On Sunday, the voting closes for the Top 100 Tools for Learning for 2012. (vote here!) This list was first compiled by Jane Hart in 2007. Jane is the founder of the excellent Centre for Learning & Performance Technologies (C4LPT). This UK-based site offers a multitude of free resources about learning tools.  All the top 100 Tools lists from 2007 are still available on C4LPT’s web site, as well as links to Jane’s blog, Learning In the Social Workplace and the social learning community, Social Learning Centre , which she co-hosts with Harold Jarche.  While I have personally only scratched the surface in exploring all the global communities of educators and top industry participants here, I have enjoyed several of the free webinars this site produces and took part in one of the first offerings of Harold’s Personal Knowledge Management web course.

I love this top tools list for several reasons.  On the one hand, it is an affirmation to me that we are on the right track with many of the tools that Mary, Elisabeth and I use in our own lives as well as many of the tools we talk about on this blog.  I also love the list because I can see the trends of certain tools and their rise and fall in popularity over time, as well as be introduced to new tools that have been flying under my radar to date.

Don’t just take my word for it, check out the list today.  If you are reading this before Sunday, September 30, VOTE!  Let your choices be known!  If you missed the voting, look to see who made the list.  Did you find something new?  Do you think the list totally missed a major tool?  Let’s get a discussion started!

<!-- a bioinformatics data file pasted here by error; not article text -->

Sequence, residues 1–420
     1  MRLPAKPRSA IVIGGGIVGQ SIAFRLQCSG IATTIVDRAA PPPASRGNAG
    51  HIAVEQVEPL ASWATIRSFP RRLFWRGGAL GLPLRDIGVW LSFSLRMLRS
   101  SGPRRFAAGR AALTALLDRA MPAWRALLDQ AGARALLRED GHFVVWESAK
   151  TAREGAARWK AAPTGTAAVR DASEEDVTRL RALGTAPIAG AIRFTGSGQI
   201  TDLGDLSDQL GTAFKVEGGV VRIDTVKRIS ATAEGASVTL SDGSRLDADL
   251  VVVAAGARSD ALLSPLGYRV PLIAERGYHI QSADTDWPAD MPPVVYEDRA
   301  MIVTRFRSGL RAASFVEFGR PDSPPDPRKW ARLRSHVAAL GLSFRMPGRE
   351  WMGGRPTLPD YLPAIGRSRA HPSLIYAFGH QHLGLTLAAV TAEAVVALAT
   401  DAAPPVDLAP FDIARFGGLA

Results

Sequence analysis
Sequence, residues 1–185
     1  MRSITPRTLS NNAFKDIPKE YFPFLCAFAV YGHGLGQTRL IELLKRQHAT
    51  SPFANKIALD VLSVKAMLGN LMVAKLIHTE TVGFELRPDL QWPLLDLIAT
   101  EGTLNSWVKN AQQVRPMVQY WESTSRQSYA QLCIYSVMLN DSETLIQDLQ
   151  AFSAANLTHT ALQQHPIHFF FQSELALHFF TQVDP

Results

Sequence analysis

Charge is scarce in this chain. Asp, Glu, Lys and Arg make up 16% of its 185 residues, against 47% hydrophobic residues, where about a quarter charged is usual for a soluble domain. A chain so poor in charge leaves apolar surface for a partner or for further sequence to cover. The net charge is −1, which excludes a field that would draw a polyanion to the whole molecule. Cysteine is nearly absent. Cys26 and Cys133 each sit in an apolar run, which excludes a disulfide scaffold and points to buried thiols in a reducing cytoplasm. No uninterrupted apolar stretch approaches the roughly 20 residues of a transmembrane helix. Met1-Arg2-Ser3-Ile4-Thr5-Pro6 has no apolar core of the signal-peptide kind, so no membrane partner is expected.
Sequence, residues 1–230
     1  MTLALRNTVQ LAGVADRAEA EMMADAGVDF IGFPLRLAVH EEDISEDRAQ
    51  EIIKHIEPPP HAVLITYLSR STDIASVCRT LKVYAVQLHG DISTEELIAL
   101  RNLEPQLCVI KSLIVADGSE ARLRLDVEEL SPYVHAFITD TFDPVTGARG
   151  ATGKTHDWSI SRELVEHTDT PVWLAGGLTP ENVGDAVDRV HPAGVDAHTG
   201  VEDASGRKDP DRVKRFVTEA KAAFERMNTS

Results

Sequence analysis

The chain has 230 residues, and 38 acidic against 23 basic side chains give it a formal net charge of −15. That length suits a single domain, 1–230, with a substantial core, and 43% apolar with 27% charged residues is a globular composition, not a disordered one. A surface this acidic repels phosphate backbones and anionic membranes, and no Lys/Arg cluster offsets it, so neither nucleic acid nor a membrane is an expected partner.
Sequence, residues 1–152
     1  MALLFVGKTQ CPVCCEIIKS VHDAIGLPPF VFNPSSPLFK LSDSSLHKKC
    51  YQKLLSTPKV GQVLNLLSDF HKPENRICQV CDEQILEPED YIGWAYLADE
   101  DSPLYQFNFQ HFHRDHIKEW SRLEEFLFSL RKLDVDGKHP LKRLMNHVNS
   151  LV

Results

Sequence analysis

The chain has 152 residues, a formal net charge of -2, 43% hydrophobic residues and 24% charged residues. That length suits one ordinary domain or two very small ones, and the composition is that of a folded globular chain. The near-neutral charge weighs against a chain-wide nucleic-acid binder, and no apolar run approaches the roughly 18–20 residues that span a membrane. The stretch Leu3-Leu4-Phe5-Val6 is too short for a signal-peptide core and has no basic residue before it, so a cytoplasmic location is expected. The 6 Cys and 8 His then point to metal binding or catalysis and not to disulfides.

Evernote: Tuesday Tool Tip

Notebook software is the 300 pound canary of productivity tools. Those who haven’t ever used them can be baffled by the simplicity and vagueness of the concept. “Note-taking software? Why do I need that? I have scrap paper and a pencil, don’t I?”. Blah, blah, blah, and that person probably also walked five miles to school uphill both ways. I shouldn’t be too insulting, as I used to be one of those people.

I have now seen the light, especially after Evernote helped me maintain at least a shred of sanity during an unexpected move in which I managed to find a new place to live and move in two weeks. I find that it is the very vagueness and simplicity of the concept that makes notebook software such a powerful tool. They provide you with an information ecosystem that enables you to organize both your work life and personal life.

Evernote has three levels of hierarchy. Notes can be in a notebook and a notebook can be in a stack. This is the big difference with OneNote, which has many more levels of hierarchy, as many as you want. I hope Crystal will do a tool tip on OneNote so you can compare the two. Right now you can get a start by looking at our guide to Notebook Software. To get back to Evernote, some people prefer its more free-from design, particularly as anything can be found using Evernote’s search capability.

Evernote wants to be your tool for remembering everything, thus its elephant logo. So one feature of Evernote is its device agnosticity. There is Evernote software or apps for almost every platform – all the major browsers, Windows, Mac, many mobile devices and tablets including iOS, Android, Blackberry, Windows Phone 7, Nook, and more. Does not seem to be available for the various flavors of Unix/Linux yet, but that is the last major OS for it to conquer.